Basically the bridge is like a can opener on the side of the canoe hull. I think I will have to go over the top like I did for the pontoon.

    Basically I need to get the stresses directly to the outer skin.

    I was a bit worried that I was over-designing the bridge so I checked out (reverse engineered) some designs on the Internet. The keyword here is "cross-beam" rather than bridge or spar. There are a number of designs (for bigger boats) that match my loading estimates after scaling.

    I have been trying to rationalise why most of the design on the Internet don't have the stress problems that I have. I did notice that some designs did have pretty heavy duty saddles for the cross-beams. Eventually I noticed that the wale and skin thickness for most of the designs are pretty heavy duty! More than enough to just boat or lash on (with a cross-member and bulkhead backup).

    I have gone back to a hardwood cross-beam with a saddle for distributing the load:

    I have been going around in circles with the cross-beam design. The problem is that I am trying to avoid the need to sanding the interior paint back to wood for epoxy joins. My fingers will not like me if I go down this path. Still the best option is to install a bulkhead or two to bolt the cross-beam to.

    Checking the Internet the method of choice seams to be a heat gun and a scraper. I am not going back to chemical strippers (the modern stuff is pretty useless and the stuff is just as awful). Not keen to use screwed in frames/brackets. The heat gun may also work with removal of the copper tie wires. For A$65 worth a try. I have a bathroom ceiling that needs stripping anyway (I stripped it with paint stripper a few years ago and never again).

    Here is the next proposal:

    I have reduced the cross-beam to 100 mm x 64 mm using four 64 mm x 18 mm hardwood DAR. I have added two 12 mm plywood bulkheads to attach the cross-beam to the canoe. They are only 75% of the required design strength so rather than increase the thickness I will sheath them in fibre-glass.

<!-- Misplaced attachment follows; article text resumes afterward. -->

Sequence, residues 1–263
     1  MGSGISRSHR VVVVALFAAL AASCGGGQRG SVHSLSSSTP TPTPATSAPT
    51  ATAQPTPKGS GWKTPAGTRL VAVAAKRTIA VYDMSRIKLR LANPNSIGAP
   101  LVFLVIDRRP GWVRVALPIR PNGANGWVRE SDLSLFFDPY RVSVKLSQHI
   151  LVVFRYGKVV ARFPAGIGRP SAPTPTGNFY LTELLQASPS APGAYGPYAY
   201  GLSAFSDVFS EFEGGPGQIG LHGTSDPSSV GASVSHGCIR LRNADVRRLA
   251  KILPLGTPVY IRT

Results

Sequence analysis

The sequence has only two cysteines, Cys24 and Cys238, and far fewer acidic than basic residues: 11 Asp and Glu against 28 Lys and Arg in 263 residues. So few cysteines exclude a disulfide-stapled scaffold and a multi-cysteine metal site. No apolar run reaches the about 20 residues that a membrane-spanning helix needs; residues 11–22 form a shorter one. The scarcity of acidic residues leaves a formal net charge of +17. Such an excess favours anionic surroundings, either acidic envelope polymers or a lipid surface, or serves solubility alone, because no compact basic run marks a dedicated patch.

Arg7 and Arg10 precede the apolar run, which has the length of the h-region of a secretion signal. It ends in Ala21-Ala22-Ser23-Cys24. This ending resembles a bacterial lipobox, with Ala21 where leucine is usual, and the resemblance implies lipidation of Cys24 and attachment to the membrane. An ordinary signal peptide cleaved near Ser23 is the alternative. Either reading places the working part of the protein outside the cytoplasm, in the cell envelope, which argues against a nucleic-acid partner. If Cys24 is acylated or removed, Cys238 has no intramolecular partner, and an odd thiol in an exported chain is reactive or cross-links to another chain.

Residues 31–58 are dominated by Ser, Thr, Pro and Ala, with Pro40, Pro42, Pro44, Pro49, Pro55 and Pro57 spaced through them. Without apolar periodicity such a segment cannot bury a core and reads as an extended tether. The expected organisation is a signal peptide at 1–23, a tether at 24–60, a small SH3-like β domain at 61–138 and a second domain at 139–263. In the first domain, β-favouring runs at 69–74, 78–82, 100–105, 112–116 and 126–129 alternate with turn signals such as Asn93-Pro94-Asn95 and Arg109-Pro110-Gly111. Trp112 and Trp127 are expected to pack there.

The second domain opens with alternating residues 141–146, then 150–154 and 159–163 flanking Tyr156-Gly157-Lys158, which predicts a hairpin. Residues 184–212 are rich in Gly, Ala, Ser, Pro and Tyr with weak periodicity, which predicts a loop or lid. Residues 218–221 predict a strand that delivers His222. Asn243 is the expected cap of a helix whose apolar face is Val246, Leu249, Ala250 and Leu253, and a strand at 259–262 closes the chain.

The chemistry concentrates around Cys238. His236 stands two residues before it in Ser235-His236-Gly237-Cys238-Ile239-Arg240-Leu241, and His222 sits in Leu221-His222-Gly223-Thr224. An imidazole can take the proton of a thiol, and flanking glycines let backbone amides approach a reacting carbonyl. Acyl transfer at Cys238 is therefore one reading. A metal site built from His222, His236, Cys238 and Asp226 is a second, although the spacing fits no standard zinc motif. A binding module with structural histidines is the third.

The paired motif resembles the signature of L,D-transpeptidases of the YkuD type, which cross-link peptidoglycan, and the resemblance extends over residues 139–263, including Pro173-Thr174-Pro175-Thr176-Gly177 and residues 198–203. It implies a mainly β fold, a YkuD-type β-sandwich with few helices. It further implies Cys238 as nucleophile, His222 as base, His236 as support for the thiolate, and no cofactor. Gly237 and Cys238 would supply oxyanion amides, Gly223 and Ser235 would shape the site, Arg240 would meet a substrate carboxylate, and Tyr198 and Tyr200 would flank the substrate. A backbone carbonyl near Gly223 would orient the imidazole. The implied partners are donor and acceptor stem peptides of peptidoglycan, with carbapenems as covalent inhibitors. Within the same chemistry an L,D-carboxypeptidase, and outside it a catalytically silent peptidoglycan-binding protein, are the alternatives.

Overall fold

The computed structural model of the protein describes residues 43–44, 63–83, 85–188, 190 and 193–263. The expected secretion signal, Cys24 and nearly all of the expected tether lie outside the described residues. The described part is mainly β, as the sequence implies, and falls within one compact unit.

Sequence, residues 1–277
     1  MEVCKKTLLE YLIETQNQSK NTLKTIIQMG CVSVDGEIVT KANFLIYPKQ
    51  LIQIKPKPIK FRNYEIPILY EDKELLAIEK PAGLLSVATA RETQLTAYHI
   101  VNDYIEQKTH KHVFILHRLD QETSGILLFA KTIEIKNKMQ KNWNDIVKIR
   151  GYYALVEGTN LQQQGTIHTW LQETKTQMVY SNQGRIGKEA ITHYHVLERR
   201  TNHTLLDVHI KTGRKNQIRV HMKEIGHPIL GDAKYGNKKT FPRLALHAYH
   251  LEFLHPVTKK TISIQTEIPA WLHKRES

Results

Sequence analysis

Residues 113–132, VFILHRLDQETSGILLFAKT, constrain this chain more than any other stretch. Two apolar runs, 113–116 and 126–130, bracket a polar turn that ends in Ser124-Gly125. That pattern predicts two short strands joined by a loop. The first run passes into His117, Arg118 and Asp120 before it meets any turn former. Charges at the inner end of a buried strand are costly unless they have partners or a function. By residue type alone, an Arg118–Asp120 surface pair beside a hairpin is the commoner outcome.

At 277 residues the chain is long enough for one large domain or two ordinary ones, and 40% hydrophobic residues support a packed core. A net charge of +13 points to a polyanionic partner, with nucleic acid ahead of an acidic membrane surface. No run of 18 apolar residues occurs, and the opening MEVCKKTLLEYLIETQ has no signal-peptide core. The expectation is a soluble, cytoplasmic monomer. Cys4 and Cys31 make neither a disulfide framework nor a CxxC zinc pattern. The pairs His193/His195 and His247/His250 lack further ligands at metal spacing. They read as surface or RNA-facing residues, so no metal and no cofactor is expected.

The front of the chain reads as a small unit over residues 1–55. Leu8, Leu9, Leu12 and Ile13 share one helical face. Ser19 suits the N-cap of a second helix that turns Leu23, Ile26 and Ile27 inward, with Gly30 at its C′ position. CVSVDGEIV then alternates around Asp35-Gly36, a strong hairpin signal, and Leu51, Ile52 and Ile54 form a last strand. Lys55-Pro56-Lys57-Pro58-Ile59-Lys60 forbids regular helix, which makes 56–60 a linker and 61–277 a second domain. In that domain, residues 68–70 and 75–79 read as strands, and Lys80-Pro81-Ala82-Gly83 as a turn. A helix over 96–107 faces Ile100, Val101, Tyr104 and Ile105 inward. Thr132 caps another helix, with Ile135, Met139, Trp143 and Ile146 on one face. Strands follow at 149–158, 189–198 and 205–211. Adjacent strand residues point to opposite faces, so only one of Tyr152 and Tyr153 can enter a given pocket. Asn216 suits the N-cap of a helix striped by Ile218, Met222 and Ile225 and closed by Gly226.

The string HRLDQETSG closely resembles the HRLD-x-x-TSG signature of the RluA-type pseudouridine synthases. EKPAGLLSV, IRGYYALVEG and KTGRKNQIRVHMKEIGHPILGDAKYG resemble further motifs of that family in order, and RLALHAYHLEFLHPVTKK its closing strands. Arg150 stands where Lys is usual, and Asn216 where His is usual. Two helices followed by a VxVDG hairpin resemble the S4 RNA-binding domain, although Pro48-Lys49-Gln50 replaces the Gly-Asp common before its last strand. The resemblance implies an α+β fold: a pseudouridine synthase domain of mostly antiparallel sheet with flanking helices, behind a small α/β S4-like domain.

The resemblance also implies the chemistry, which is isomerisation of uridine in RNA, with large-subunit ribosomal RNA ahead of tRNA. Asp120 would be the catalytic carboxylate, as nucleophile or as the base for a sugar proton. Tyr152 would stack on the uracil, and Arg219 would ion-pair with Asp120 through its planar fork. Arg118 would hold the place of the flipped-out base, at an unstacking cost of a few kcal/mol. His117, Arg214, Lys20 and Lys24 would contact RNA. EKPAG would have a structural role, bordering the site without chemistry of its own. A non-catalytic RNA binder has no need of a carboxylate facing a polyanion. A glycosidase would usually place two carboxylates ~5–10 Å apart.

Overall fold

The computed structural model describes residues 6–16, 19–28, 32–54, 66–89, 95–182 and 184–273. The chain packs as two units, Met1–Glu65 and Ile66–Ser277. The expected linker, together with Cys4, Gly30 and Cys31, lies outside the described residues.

I have looked at some designs on the Internet and the bulkhead seems to be the preferred method although I did see two half frames (similar to my orignal knee design).

    The bulkhead options allows me to add a buoyancy tank (or two).

    Before painting I have to attach the cross-beam and I am still struggling to determine the easiest way of doing this. I had a look at some timber at the hardware store yesterday. Not cheap! The simplest solution is a 90 mm x 90 mm solid pine but it really looks heavy...

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  • Lofting, Cutting Out and Gluing Together

    agp.cooper04/02/2017 at 06:34 0 comments


    Bought some marine plywood yesterday. I could not get 4 mm so the skin thickness is now 6 mm. Formatted the lofting offsets in Excel and printed them out:

    Along with a plan:

    After 2 hours (half done), time for a coffee break:

    I will say it was worth redigitising the layout design to align with the 100 mm offsets or sections.

    Lofting Done

    Complete the lofting in 200 minutes excluding the coffee break. That is about two offsets per minute. A useful statistic for next time.

    If I had a suitable CNC machine (I can dream!) then I would have designed the wiring holes and perhaps a toothed edge for seam alignment.

    Cutout, Trimmed and Sanded

    Took about 3 hours to cutout, trim and sand the panels.

    For the amount of work spent on the pontoon I could have built a full size kayak!


    The next task is to drill the wiring holes. I should get away with 150 mm hole spacing. I can always infill if necessary.

    I will assemble and glue the "harpins" (i.e. the two outer thin crescent shaped pieces and the two triangles) first, then the deck using the harpins and bulkheads as temporary forms to get the right shape. After that the harpins are used with the bulkheads for the main hull. Finally the deck and hull as glued and screwed together.

    Stitching the Hull

    Made up a template that drills 100 mm spaced holes 7.5 mm from the edge. I start in the middle of the panel and work my way to the ends. The blue pin in the image below pops into the last hole drilled to keep everything properly aligned:

    I taped the panel in pairs to reduce the drilling effort:

    Here is the bottom and side panels wired up:

    Copper wire works best as it can be heated with a propane torch to allow removal (this trick does not work with steel wire). Unfortunately the copper wire is a bit light duty so I need to be gentle when tightening the wire to close the gaps.

    All done (about five hours later):

    A close up of the front:

    The wires need to be tightened before being epoxied. I am only going to put dynel tape on the outside, so the bulkheads will be epoxied at the same time as the seams.

    The Deck